When my daughter was 8, she became obsessed with baking.  She wanted to bake bread, pie, cookies, cakes, and in particular, anything with chocolate.  I let her do it on occasion, but often re-directed her to other activities, because I was afraid she would become unhealthy.  I had a whole ‘nother plan for my brilliant high-achieving daughter, who impressed all her teachers, got As in everything, had exceptional test scores.  She kept wanting to bake though—that was her passion.  When I whispered my fear about her developing unhealthy attitudes about food to my sister-in-law Lauren, she said, “you really need to re-think that.”  Her suggestion woke me up from my slumber regarding  my daughter’s passion.  I had to make some adjustments though, and it required a leap of faith.  I accepted the fact she might gain weight, and I determined I would support her regardless of the outcome.

Since that decision about 3 years ago, I’ve let her loose in the kitchen, giving her a run of the joint. Here are a couple of  her extraordinary delicacies:

I tell this story as a cautionary tale, not only to parents, but to managers.  How many times has an employee of yours had an idea based on their passion, and because of your fear, you re-directed them?   What is possible if you were to put your fear aside, and let your employee “have the run of the joint” on a certain pet project of theirs?  What might you learn?  Ultimately, your own fear may be limiting the growth of your company.  Can you give just an inch?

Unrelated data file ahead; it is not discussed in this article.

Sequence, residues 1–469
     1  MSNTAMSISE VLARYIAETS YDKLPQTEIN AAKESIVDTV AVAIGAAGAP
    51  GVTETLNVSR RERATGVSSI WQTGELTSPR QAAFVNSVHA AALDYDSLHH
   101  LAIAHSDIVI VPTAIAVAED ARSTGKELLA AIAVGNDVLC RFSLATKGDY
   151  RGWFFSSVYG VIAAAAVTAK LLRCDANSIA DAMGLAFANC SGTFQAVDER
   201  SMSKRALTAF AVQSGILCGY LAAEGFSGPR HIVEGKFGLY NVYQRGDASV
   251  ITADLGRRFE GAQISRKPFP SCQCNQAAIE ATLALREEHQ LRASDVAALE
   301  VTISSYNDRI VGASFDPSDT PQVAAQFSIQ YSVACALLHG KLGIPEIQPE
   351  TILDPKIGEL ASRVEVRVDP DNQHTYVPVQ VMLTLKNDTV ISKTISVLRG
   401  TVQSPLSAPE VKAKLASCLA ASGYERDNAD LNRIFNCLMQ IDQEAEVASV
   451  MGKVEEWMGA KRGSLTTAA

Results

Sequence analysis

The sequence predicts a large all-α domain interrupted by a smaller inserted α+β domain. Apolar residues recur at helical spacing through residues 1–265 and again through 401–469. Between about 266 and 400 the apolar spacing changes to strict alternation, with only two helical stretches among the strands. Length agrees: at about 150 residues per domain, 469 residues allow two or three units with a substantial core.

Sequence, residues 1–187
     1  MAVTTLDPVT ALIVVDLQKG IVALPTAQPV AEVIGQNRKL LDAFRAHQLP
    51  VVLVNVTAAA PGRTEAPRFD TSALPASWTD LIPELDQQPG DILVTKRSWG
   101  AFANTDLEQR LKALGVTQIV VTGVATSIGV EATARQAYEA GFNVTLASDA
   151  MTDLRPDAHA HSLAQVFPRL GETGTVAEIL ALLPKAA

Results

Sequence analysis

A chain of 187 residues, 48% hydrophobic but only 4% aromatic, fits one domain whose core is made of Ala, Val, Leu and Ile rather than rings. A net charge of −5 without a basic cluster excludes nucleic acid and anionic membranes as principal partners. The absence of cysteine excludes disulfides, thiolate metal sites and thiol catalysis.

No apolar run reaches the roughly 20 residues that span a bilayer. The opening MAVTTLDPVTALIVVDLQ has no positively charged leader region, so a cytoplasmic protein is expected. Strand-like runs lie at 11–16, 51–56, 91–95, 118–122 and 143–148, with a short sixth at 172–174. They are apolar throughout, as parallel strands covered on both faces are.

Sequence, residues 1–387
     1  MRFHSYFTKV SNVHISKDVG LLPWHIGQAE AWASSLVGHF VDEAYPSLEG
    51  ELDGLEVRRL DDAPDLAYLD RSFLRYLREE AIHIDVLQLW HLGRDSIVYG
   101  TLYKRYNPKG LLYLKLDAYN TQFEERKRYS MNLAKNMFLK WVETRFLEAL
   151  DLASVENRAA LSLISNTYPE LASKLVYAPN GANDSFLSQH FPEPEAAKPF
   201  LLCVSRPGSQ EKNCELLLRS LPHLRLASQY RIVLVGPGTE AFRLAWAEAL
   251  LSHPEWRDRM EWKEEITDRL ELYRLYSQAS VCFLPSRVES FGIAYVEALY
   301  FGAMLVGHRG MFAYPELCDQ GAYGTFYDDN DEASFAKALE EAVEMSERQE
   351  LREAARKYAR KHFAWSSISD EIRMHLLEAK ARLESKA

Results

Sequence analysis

These days, at 13,  my daughter is an extremely content, confident,  focused girl.  I realize now that allowing her to bake has acknowledged her in a profound way.  She expresses her creative spirit by combining her artistic skills and her love for baking.  Who am I to get in the way of that?I put my fear aside, and as a result, my worst-case scenario—her losing control over food choices—has never materialized. She knows how to manage her portions, and samples rather than devours the food she eats.  We throw lots of pies and cupcakes away because they sit in our fridge for days.  In addition, I’ve learned so much new stuff along the way.  The other day I suggested she use chocolate chips for something, and she sniffed, “Mom.  Chocolate chips have stabilizers in them.”  Duh.

Right now, I’m being given “a run of the joint” on a particular passion of mine—writing—and my attitude toward my job has completely turned around.  I feel affirmed, trusted, and re-engaged.  When you give employees a huge permission slip to do what they do best—and set aside your own fears—you give them a huge reward and may learn something important about yourself in the process.  You may also gain ground in your industry. And to think! All it took was an inch.